CS Theory Seminar


Oganizer: Samson Zhou and Elena Grigorescu

Our seminar will meet sporadically this semester. Please check the calendar for the exact details. To get announcement before the talk, please also join our mailing list. You might also wish to sign up for the reading group.

Schedule, Spring 2016

Mon Jan 23

Samson Zhou

(part of Crypto seminar) Title: On the Computational Complexity of Minimal Cumulative Cost Graph Pebbling HAAS 111, 3pm


Joint work with Jeremiah Blocki

Mon Jan 30

Venkata Gandikota

(part of Crypto seminar) Title: Local Testing of Lattices HAAS 111, 3pm


Joint work with Karthik Chandrasekaran, Mahdi Cheraghchi, Elena Grigorescu.

Mon Jan 31

Jeremiah Blocki

LWSN 3102, 12:30-1:30 Title: Towards Human-Computable Passwords


Joint work with Manuel Blum, Anupam Datta and Santosh Vempala

Wed Feb 9

Samson Zhou

Title: Streaming for Aibohphobes: Longest Near-Palindrome under Hamming Distance 1 pm in LWSN 3133

Abstract: Palindromes are strings which read the same backwards and forwards, such as "racecar". Given a metric and an integer d>0, a d-near-palindrome is a string of distance at most d from its reverse. This talk will cover the problem of identifying the longest d-near-palindrome in data streams under the Hamming distance. The problem is relevant to the analysis of DNA databases, and to the task of repairing recursive structures in documents such as XML and JSON. We present the first streaming algorithm for the longest d-near-palindrome problem, which returns a d-near-palindrome whose length is within a multiplicative (1+c)-factor of the longest d-near-palindrome, for "small" d. We present additional streaming algorithms which return a d-near-palindrome whose length is within an additive E*sqrt(n)-factor of the longest d-near-palindrome in one-pass, as well as the longest length d-near-palindrome in two passes. Finally, we provide lower bounds for the space necessary to approximate the longest d-near-palindrome.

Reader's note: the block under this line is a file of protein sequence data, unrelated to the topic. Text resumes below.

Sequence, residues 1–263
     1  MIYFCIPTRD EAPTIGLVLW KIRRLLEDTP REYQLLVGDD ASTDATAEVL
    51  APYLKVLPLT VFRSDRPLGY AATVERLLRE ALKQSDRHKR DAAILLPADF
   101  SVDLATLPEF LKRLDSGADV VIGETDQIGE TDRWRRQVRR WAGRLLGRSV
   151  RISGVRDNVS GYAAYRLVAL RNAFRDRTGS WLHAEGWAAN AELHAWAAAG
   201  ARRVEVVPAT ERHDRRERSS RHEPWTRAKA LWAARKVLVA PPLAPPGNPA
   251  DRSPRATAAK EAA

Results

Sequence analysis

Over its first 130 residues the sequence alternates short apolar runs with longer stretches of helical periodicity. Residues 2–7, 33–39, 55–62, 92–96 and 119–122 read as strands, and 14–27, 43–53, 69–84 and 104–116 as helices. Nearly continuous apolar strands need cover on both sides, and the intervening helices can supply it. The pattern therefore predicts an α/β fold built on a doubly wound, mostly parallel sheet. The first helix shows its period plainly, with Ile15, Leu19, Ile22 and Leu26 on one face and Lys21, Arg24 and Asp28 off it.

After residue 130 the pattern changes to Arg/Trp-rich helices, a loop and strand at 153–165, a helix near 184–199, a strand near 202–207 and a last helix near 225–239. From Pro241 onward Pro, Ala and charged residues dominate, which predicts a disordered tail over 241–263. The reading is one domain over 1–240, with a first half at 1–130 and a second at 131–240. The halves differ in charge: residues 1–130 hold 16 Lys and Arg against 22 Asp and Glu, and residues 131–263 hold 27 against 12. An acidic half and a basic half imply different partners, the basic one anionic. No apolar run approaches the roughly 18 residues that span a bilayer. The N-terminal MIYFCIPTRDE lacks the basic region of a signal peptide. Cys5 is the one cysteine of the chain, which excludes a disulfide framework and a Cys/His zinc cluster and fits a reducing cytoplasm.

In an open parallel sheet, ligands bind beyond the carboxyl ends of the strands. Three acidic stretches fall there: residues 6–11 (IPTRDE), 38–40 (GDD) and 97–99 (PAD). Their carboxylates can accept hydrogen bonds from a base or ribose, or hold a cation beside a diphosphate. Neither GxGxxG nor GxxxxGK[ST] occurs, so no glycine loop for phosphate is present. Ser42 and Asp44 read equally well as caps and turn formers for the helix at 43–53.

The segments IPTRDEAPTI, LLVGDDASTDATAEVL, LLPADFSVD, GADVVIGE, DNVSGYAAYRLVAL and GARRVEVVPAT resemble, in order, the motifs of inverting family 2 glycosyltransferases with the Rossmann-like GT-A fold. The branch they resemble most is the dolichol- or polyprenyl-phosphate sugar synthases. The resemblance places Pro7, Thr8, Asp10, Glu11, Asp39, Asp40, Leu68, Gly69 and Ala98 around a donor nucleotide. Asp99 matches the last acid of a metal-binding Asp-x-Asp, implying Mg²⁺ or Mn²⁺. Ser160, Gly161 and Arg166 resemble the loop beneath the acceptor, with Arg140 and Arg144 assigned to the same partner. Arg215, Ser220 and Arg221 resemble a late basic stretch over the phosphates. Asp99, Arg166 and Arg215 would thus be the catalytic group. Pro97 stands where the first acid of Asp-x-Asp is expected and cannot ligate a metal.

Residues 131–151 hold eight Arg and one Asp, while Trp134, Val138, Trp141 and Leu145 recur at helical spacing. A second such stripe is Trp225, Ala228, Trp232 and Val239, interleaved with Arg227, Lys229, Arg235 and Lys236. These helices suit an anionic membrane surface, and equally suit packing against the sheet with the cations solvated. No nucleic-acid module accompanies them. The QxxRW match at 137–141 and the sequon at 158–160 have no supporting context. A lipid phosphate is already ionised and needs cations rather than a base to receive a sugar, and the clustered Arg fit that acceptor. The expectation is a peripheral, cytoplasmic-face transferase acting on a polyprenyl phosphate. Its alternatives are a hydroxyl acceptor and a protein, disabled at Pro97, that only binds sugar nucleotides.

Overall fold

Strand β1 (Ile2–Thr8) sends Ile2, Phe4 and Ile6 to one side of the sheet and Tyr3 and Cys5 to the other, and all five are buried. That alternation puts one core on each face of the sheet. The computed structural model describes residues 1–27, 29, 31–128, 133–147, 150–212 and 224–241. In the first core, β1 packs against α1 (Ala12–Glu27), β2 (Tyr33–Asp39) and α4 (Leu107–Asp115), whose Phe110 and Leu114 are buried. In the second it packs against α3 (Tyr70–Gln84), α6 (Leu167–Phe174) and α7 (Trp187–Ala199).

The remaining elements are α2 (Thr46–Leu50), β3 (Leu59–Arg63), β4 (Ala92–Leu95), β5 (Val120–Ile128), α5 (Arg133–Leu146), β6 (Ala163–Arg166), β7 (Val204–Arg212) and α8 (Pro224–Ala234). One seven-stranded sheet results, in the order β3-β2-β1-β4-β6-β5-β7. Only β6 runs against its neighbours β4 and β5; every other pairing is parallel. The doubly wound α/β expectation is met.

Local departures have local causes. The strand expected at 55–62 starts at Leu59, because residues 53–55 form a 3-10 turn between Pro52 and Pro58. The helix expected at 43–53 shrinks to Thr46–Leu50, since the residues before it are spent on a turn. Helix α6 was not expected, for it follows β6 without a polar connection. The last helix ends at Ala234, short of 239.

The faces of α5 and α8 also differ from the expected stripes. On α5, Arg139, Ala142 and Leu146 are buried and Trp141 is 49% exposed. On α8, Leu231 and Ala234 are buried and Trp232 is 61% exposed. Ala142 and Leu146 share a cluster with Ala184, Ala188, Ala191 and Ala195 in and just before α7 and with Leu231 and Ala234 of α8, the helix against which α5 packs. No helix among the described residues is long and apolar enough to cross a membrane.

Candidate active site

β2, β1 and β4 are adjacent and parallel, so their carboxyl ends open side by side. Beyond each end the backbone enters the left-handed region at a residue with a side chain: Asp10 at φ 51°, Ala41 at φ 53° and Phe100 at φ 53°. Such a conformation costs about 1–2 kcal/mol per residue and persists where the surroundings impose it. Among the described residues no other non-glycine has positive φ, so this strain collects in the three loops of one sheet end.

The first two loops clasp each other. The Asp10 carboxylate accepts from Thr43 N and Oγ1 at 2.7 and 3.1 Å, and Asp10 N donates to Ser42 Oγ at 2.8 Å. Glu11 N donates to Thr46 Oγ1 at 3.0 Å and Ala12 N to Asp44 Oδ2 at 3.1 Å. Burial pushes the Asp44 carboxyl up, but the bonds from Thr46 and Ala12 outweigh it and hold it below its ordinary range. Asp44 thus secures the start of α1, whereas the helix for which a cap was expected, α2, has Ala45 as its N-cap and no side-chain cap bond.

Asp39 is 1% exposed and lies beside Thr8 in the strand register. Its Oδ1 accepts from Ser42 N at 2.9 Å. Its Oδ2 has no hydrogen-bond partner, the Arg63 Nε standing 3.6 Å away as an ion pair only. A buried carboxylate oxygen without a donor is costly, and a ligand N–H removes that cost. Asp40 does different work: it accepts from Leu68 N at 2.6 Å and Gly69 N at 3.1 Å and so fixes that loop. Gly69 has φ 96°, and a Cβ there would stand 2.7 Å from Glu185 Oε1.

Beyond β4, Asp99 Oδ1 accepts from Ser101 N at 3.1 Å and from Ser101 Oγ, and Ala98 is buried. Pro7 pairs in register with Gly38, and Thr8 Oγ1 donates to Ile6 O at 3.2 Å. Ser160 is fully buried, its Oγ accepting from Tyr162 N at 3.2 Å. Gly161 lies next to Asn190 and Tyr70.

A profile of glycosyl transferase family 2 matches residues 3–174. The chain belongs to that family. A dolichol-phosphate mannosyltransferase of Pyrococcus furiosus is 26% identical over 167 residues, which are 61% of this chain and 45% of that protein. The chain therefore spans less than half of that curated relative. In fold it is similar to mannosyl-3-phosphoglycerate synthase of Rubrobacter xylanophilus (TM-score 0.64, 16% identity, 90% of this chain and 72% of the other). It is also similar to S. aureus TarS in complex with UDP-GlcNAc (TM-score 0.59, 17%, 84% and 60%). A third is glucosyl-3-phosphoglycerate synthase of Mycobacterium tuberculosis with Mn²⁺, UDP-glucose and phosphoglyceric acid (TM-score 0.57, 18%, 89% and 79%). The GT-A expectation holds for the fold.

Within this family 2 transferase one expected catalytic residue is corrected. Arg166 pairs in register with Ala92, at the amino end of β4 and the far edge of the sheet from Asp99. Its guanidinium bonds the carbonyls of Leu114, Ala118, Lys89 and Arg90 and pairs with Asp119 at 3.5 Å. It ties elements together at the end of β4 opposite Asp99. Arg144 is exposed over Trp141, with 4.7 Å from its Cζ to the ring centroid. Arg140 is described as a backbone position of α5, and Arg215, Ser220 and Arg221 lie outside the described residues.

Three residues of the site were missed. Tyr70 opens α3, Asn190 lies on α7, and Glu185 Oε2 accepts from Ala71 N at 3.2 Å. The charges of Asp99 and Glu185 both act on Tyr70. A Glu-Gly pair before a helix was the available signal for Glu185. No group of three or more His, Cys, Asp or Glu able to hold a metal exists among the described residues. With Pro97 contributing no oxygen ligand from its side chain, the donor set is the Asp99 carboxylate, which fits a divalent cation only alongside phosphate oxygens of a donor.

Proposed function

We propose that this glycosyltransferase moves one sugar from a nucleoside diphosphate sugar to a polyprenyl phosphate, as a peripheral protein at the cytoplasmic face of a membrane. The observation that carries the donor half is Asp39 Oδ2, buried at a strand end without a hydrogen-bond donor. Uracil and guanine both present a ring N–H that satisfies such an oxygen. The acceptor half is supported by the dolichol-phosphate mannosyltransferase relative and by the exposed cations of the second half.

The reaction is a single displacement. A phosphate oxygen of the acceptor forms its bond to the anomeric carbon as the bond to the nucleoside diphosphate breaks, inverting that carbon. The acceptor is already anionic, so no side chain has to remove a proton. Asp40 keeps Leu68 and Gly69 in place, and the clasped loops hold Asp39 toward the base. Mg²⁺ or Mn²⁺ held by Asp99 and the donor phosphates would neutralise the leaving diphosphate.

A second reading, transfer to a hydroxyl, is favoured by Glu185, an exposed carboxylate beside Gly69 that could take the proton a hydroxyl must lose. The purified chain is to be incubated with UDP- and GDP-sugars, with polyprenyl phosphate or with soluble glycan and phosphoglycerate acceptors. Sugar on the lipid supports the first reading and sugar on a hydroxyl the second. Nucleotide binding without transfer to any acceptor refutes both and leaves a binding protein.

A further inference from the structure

Joint work with Elena Grigorescu and Erfan Sadeqi Azer.

Wed April 19

Andrej Bogdanov

Title: On the complexity and efficiency of secret sharing schemes 2 pm in LWSN 3102. CS COLLOQUIUM TALK.

Abstract: A secret sharing scheme is a mechanism for dividing up a secret among several parties so that unqualified subsets of the parties do not learn any information about the secret, while qualified subsets can recover the secret. Such schemes were introduced by Shamir and Blakley in 1979 and have become an indispensable component in the architecture of secure communication and computation protocols. This talk will address the following foundational aspects of secret sharing and reconstruction: 1. Most secret sharing schemes are based on codes or polynomials. Is the use of linear algebra a necessity in this context or merely a convenience? What are “non-algebraic” schemes good for? What would be the consequences of the non-existence of such schemes? 2. In known secret sharing schemes, the shares are sometimes substantially larger than the secret. Is this loss in information efficiency a necessary price to pay for security? Our methods (from joint works with Siyao Guo, Yuval Ishai, Ilan Komargodski, Emanuele Viola, and Christopher Williamson) expose new connections between secret sharing, approximation theory, and game theory.

Bio: Andrej Bogdanov is associate professor of Computer Science and co-director of the Institute of Theoretical Computer Science and Communications at the Chinese University of Hong Kong. He obtained his B.Sc. and M.Eng. degrees from MIT and his Ph.D. from UC Berkeley. He has worked as a postdoctoral researcher at the Institute for Advanced Study in Princeton, at DIMACS (Rutgers University), and at ITCS (Tsinghua University), and as a visiting professor at the Tokyo Institute of Technology. He is currently a long-term participant in the pseudorandomness program at the UC Berkeley Simons Institute for the Theory of Computing. His research interests are in computational complexity and the foundations of cryptography.

Link to schedule for Fall 2016, Sprinig 2016, Fall 2015, Spring 2015, Fall 2014. Spring 2014, Fall 2013. Spring 2013. Fall 2012. <html>